Drummer/Drum Tech Tod T. BurrHello to everyone in Modern Drummer-land! Tod T. Burr checking in. For those of you new to my crazy life, here’s a quick recap. After ten years of working nine to five, playing in multiple bands, and trying to get signed in the constant insanity of the L.A. music scene, my life changed when I was offered a job at the Drum Doctors studio, drum cartage, and rentals facility in the mid ’90s. At first I was just making deliveries and pick-ups, but in no time I was setting up drums in major studios, at TV shows, for music videos, and at live performances for some of my favorite drummers. Some have even become close friends.

Now, I had always been a drum geek—reading drum magazines, hanging out at music stores, chatting with drummers at shows, and basically tinkering with my own drumset for years on end. But the experience and knowledge from working constantly with every brand of drums was like being a kid in a candy store. Drum tuning, recovering, knowing drummers’ personal setups and specs, microphone placement, developing music business contacts, and dealing with music business politics were some of the many skills I acquired while working at Drum Doctors.

It was during this time that I finally achieved one of my life’s goals: My metal band, Substance D, got signed! Balancing working at Drum Doctors, touring with Sub D, and married life proved too taxing, so I left Drum Doctors to concentrate on playing full-time. Once again fate intervened in the form of a phone call one of my oldest friends, Dave Jewell, product manager of Yamaha Drums, from whom I purchased my first new drumset when he was working at Milano’s Music in Phoenix, Arizona. I was living in Arizona as student at A.S.U. in the 1980s when I met Dave.

Fast-forward many years later; Dave was hired at Yamaha and we both now live in Southern California. Dave had asked me to help him at the 1997 NAMM Show, setting up drums at the Yamaha Drum booth—once again, a kid in a candy store! In January of 2000, Dave asked me to drum tech the first Yamaha Groove Night at S.I.R. Studios in Hollywood. I have worked at almost every NAMM and Groove Night since. Working with Steve Gadd, Tommy Aldridge, Russ Miller, Gerry Brown, Randy Cooke, Jimmy Chamberlin, and many, many other Yamaha artists and the fantastic Yamaha employees every year has been a dream come true.

Once again, as fate deals me another winning hand, after the fantastic show at S.I.R. Hollywood I was offered a job in the S.I.R. Hollywood drum department. Rising up the ranks to eventually become the drum department manager offered me the additional skills of management, dealing with vendors, and artist relations. During my stay at S.I.R., I was still able to tech the occasional video shoot, live show, and studio gig while performing in as many as ten bands at once. Substance D had broken up by then, so I was playing in as many bands as I could, most notably with TUFF and with the Druts, featuring Chuck Garric of Alice Cooper’s band. Both bands were playing constantly at the time, and I was incredibly busy. With both Substance D and TUFF I was also able to do multiple tours of Europe. Another one of my dreams fulfilled!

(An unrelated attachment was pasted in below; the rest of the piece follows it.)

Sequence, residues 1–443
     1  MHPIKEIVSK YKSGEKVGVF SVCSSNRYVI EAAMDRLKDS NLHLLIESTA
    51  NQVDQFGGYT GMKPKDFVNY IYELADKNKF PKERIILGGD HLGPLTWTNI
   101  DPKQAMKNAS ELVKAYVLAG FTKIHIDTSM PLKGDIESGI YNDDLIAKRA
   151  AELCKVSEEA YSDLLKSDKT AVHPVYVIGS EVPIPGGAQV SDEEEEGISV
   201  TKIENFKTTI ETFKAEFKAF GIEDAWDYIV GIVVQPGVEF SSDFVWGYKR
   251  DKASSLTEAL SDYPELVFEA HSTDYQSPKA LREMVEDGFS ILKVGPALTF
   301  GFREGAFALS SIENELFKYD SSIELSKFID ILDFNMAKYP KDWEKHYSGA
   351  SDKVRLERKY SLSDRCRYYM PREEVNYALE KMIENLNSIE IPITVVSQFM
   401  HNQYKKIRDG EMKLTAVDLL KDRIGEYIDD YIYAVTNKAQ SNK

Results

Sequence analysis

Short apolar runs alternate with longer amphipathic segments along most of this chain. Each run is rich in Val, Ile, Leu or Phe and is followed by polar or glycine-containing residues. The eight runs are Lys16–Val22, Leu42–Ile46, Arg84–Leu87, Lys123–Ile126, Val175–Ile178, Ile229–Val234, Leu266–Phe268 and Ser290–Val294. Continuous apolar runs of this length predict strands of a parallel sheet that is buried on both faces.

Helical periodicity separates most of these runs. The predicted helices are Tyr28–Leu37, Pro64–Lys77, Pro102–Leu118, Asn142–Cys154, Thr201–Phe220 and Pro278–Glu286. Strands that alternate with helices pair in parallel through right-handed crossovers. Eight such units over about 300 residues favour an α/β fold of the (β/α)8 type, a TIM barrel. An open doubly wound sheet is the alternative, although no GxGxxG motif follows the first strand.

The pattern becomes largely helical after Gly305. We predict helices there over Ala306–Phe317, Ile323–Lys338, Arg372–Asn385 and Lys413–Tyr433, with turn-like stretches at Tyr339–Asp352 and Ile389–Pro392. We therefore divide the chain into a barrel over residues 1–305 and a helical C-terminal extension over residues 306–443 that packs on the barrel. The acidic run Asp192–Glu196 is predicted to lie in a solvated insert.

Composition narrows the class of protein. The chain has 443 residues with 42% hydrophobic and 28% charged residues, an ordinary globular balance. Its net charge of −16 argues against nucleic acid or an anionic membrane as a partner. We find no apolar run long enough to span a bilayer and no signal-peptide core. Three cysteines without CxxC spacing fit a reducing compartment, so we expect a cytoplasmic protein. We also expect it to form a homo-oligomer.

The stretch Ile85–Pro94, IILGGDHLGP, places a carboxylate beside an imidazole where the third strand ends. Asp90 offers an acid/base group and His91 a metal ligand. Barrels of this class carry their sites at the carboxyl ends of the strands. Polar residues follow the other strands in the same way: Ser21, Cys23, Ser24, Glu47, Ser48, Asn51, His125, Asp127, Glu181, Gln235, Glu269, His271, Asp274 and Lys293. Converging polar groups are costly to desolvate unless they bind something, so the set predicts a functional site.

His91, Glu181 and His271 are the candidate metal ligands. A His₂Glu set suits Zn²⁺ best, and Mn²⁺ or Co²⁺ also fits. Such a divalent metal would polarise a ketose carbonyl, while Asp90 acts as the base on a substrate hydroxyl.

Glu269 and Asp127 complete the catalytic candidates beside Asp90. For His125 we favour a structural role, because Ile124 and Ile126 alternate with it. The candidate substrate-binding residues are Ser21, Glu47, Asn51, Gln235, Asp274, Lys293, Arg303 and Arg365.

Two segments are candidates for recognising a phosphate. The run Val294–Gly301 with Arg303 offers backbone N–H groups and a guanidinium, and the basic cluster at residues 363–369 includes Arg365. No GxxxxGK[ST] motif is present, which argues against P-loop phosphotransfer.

Two thousand five became one of my busiest years ever, when I was asked to be the drum tech for INXS on the CBS TV show Rockstar: INXS. At the conclusion of the taping, INXS’s manager asked if I was interested in touring as Jon Farriss’ tech. Of course I jumped at the opportunity. During this time, former MCA band Pretty Boy Floyd asked me to sub for their 2005 Japan tour. Over the course of two weeks at the end of 2005 I achieved two more lifetime goals: INXS was rehearsing in Australia and Pretty Boy Floyd was touring Japan—two places I had always wanted to go.

In late summer of 2010 I was asked to be the drum tech for a Lexus car commercial. What an inventive and interesting experience; it would fill an entire blog—maybe next time! The very next week, after the Lexus shoot, an old friend of mine, Brian Tichy, asked me to drum tech The Groove Remains the Same: A Tribute to John Bonham. Twenty-two drummers were sharing one Ludwig Vistalite kit. Another fantastic show that could fill its own blog—so successful in fact that we had a two-night repeat performance at NAMM 2011.

Looking back on the past few years as a touring drum tech, I’ve been blessed to travel the world many times over, filling my passport three times and visiting places most people only dream of. INXS, Def Leppard, and Motörhead have been amazing bands to work for, and I’m grateful to them for using me as their drum tech. In between touring, my own bands have been patient, allowing me to tour as a drum tech while still playing as many as 100 to 150 shows a year around the world with them.  Thanks to Merle Jagger, TUFF, Freedom Under X-Ray, King Con, and a host of other bands I play with!

P.S.: I recently played drums for Essra Mohawk for a last-minute Los Angeles show—Google her, you’ll be surprised.

See you on the road this summer with Def Leppard and Merle Jagger.

For more on Tod T. Burr, go to www.tmburr.com, www.facebook.com/tmburr, or www.youtube.com/tmburr. And to check out a behind-the-scenes video of the Lexus commercial Tod worked on, go here: www.youtube.com/watch?v=CMcWk5w_37w.